5:26 pm Sep. 19, 2012
Sloughing off industry concerns, New York City's taxi commission said today that it plans to take steps to allow taxi-hailing apps in the city.
"The Commission is of the view that these services—if provided in a manner that does not result in distracted driving, if they do not adversely impact the street hail service which is the core function of the yellow taxi system, and if they provide the Commission with the same transparency into trip data as is currently available—should be permitted and we will pursue rulemaking to permit them," said Ashwini Chhabra, the Taxi and Limousine Commission's deputy commissioner for policy and planning, in written testimony before the City Council on Wednesday.
It was the commission's least equivocal statement of support to date for integrating taxi apps into the city's livery system.
They have been held up in New York, among other things, by one seemingly simple but really quite controversial question: What is a street hail? And does requesting a taxi via smartphone represent a modern-day wave of the hand or does it represent prearranged service?
If a smartphone app is just a hail by other means, then it's legal for yellow cabs to respond to them. If it's prearranged service, an industry sector reserved for livery and black car services, then it is not.
In the written testimony Chhabra submitted to a City Council hearing that focussed, in part, on taxi apps, he roundly embraced the technology, arguing that, from a customer service perspective, apps could be helpful.
"They may assist passengers late at night when there are fewer taxis cruising, or may help passengers who are a few blocks away from a main thoroughfare to extend the reach of their hail," he said. "They may also serve to reduce driver reluctance to take trips out of Manhattan, if drivers think these apps can provide them with a greater prospect of finding a passenger for the return trip."
He said, for drivers, apps could prove a boon, too.
“[D]ata suggest that taxi drivers spend a significant portion of their shifts cruising for fares, which is an inefficient use of both time and fuel," he said. "Even if these apps result in only one or two more trips per shift for a driver, this could have a material positive impact on driver earnings and could increase the efficiency of the taxi fleet.”
The Taxi Workers Alliance, the closest thing taxi drivers have to a union, worries that the apps will levy extra fees on drivers who can ill afford them.
"The regulations should specify that drivers shouldn’t have to pay a fee for this," said Bhairavi Desai, the alliance's executive director.
The livery industry has other concerns.
If passengers can "hail" cabs using their smartphones, then what possible use could they have for livery car businesses that explicitly exist to provide prearranged service?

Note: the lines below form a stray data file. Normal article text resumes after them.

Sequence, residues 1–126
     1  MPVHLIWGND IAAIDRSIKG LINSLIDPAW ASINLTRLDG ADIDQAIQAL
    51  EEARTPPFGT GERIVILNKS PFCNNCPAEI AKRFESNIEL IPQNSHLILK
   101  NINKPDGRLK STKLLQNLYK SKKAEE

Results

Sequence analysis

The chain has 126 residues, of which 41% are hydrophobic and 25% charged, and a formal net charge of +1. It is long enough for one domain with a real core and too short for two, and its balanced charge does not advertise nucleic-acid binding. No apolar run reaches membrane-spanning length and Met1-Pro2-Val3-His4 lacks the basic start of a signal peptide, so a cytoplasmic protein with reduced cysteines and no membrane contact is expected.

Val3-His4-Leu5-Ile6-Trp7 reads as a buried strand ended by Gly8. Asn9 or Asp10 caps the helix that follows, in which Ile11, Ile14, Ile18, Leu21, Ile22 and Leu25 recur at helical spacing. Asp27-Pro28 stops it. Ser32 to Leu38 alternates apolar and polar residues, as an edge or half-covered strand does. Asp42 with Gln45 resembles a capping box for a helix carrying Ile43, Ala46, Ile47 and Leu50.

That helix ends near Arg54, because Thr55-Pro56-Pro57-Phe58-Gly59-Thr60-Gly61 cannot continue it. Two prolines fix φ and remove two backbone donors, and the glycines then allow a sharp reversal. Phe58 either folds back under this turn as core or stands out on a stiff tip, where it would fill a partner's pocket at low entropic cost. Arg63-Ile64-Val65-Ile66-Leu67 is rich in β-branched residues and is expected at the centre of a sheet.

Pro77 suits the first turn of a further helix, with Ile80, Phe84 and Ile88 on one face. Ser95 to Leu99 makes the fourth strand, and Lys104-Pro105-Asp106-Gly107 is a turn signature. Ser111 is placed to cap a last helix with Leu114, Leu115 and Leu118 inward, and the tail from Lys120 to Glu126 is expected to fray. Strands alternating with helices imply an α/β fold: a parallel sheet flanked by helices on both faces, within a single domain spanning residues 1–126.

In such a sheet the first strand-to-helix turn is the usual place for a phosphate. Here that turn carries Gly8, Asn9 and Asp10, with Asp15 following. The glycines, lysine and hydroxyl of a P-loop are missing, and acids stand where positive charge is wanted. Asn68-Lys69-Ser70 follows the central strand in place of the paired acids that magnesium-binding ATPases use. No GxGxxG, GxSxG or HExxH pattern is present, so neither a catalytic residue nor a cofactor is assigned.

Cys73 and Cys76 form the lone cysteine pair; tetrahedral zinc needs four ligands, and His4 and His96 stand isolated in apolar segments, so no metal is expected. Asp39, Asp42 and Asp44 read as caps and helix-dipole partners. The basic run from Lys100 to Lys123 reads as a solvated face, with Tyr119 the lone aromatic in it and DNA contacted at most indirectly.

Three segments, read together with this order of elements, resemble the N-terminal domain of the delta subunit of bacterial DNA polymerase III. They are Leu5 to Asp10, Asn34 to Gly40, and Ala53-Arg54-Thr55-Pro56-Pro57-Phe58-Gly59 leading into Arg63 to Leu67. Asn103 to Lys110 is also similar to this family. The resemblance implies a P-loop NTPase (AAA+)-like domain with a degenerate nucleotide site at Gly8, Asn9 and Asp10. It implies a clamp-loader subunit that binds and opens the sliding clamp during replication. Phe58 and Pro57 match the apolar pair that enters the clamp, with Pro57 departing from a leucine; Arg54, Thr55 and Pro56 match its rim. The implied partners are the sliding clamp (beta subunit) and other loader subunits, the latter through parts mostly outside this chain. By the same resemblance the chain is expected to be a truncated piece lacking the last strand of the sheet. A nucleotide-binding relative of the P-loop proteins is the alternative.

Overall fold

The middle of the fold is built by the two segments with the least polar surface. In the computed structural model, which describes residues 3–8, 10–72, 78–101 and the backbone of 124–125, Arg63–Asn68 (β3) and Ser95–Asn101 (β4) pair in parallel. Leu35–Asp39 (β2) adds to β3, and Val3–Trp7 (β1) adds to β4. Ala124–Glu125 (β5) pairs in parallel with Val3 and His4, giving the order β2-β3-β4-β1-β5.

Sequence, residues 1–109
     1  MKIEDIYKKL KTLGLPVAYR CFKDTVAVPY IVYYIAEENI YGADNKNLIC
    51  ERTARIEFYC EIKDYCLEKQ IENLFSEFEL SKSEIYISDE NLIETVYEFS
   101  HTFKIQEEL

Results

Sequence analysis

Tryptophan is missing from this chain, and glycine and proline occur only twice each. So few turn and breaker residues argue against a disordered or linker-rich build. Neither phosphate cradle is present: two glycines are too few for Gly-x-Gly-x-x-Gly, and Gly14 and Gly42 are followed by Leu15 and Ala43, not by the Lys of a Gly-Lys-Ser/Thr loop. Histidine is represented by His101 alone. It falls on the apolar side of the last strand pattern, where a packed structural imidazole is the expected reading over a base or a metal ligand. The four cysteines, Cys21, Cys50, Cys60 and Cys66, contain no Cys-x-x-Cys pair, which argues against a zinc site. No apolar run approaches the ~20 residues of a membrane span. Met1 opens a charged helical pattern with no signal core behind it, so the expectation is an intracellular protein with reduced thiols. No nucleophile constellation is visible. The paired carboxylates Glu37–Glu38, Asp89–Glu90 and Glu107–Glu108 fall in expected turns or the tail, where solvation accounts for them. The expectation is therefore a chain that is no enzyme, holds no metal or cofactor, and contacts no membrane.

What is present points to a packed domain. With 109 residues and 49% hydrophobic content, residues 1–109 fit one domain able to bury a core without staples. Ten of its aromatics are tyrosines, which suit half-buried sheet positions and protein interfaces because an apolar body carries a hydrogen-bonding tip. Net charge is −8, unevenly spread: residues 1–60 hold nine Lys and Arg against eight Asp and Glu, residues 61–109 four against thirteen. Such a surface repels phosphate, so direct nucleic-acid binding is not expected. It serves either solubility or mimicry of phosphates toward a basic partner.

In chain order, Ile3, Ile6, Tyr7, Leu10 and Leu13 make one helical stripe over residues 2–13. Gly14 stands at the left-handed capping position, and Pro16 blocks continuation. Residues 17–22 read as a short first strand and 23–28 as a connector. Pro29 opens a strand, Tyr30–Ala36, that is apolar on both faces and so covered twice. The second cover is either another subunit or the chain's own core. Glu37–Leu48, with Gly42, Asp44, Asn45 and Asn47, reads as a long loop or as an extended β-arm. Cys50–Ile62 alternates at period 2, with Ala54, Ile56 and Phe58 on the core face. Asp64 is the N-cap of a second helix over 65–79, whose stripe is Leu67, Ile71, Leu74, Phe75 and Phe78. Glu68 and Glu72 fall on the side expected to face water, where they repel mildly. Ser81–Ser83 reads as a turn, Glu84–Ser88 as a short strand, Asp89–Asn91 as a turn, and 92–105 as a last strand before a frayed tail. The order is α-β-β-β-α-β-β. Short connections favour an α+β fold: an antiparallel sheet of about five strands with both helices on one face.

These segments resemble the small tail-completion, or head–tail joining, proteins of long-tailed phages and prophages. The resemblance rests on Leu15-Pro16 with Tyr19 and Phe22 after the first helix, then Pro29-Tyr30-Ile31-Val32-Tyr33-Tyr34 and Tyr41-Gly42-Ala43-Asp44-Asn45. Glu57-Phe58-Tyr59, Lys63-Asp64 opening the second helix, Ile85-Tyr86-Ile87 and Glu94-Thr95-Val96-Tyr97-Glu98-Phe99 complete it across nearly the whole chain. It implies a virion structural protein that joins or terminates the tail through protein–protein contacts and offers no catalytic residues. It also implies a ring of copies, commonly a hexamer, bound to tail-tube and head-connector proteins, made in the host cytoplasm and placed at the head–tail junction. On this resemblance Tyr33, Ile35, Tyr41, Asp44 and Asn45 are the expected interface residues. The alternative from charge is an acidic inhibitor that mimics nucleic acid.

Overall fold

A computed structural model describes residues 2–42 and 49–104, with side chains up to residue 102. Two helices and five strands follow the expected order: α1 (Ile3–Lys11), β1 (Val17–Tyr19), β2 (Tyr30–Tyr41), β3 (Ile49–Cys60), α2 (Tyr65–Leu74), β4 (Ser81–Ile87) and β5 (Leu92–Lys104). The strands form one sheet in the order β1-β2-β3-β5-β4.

"We do believe the bases downtown will be the most affected if the yellow industry [is allowed] to do prearranged, versus just the street hail," said Cira Angeles, a livery base owner.
To which the Taxi and Limousine Commission says: the customer comes first.
"Arguably, some of that business may be affected if we make it easier for these passengers to hail taxis," said Chhabra, speaking generally of the livery and black car sectors. "That is a consideration, but it cannot be our overriding consideration."
One industry group recently argued that allowing taxi apps will undermine the street hail entirely, favoring smartphone-owners over those who don't have them, and sending the city back to a time when hailable cabs were more difficult to find.
Certainly, the Bloomberg administration does seem to be veering back in the direction of what's known in the industry as a "dual-use" system, one that allows all drivers to both pick up hails off the street and offer prearranged service.
The city's borough taxi plan, now held up in litigation, would allow up to 18,000 livery car drivers in the outer boroughs and upper Manhattan to offer both prearranged and street hail service.
Taxi apps, meanwhile, would enable yellow cab drivers to offer something akin to prearranged service, something they haven't been able to do in the '80s.
Taxi historian Graham Hodges, a professor at Colgate University, wonders whether some of the same issues that cropped up back then, like discrimination against black riders and general taxi unavailability, will start to re-emerge.
"Sometimes it’s very hard to get a taxi," he said. "And if they’re all prearranged, then you’re really out of luck."
How the Taxi and Limousine Commission plans to deal with these, and other concerns, should become more apparent as it embarks on what Chhabra described, in his testimony, as an "expedited" rulemaking process.
"We will solicit the input of each of our regulated industries, passengers, technology providers and the Council in that process," said Chhabra. "And in the course of those conversations, no doubt, other concerns will come to the surface and we will address them together and in a constructive way."
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